A recent Ontario decision dealt with the issue of liability as between two defrauded employers: is a past (former) employer liable to a new employer when a fraudulent employee steals money from the latter to satisfy its debt to the former?
In the recent Ontario Superior Court of Justice decision in Healthy Body Services Inc. v. 1261679 Ontario Ltd., 2013 ONSC 6396, the defrauded employer, Healthy Body Services, attempted to recover from the former employer, Raytek, on the basis that the fraudulent employee, Mr. Patel, paid Raytek a settlement with funds stolen from Healthy Body Services. As is the case with many fraudsters, Mr. Patel appeared to have a history of fraud, and had similarly defrauded his prior employer, Raytek. Using funds stolen from Healthy Body Services, Mr. Patel paid significant amounts to satisfy the claims of Raytek.
Healthy Body Services based its claim against Raytek in the causes of action of knowing receipt and unjust enrichment. The claim of knowing receipt requires the plaintiff to establish that the defendant received trust property, with knowledge that the property was transferred to that defendant in breach of a trust. If the funds can be traced, the only issue for the Court is whether or not the defendant “had knowledge of facts that would have put a reasonable person on notice or inquiry as to the source of the funds.” If so, the claim will succeed, and the plaintiff is entitled to the return of its money.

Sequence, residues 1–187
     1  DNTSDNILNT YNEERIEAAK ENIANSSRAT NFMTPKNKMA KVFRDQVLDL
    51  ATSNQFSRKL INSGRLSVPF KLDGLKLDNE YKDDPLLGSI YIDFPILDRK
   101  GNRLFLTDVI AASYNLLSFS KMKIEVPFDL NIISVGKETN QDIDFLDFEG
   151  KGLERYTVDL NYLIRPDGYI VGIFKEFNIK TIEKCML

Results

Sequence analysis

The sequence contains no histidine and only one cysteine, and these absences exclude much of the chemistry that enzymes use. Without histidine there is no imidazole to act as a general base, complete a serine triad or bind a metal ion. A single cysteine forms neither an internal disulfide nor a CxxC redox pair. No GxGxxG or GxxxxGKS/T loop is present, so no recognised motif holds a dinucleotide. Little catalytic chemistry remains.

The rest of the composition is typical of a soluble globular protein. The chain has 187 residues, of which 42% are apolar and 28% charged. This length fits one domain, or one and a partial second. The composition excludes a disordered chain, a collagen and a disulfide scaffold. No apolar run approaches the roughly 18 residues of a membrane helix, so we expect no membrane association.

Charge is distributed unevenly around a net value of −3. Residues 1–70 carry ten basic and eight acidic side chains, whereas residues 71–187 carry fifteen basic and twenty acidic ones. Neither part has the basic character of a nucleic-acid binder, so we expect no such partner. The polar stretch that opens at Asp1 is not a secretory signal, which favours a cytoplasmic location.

The claim of unjust enrichment has 3 necessary elements: an enrichment, a corresponding deprivation, and the absence of a juristic reason for the enrichment. Assuming that tracing can be established, the central issue is whether or not a juristic reason exists for the payments. In the Healthy Body Services case, the Court noted several factors to support a juristic reason; namely that the first employer acted in “commercial good conscience” when making the settlement agreement, the employer had a civil judgment on same issue, and the funds the employer received were applied for commercial purposes.
The Healthy Body Services decision provides useful direction for settlements with a former employee. The key point is that the former employer must take care to shield itself from future liability concerning the source of settlement payments in case their source is a subsequent fraud. These steps should include:
Carefully assessing the circumstances regarding payment of the funds. Are there any facts which may put the employer “on notice” to make reasonable inquiries as to the source of the funds? While the employer does not need to be “unduly suspicious”, the employer cannot turn a blind eye to facts that reasonably require investigation.
Entering into a settlement agreement, obtaining a judgment or otherwise documenting the obligation of the fraudster.